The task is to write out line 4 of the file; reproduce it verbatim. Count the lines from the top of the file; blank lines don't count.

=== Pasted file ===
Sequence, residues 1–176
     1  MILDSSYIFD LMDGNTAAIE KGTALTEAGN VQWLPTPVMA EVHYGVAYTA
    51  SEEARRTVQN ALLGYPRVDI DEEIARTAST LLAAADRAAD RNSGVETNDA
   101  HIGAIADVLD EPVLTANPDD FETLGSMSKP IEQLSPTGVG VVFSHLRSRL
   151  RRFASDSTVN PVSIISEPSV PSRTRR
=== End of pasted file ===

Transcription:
   101  HIGAIADVLD EPVLTANPDD FETLGSMSKP IEQLSPTGVG VVFSHLRSRL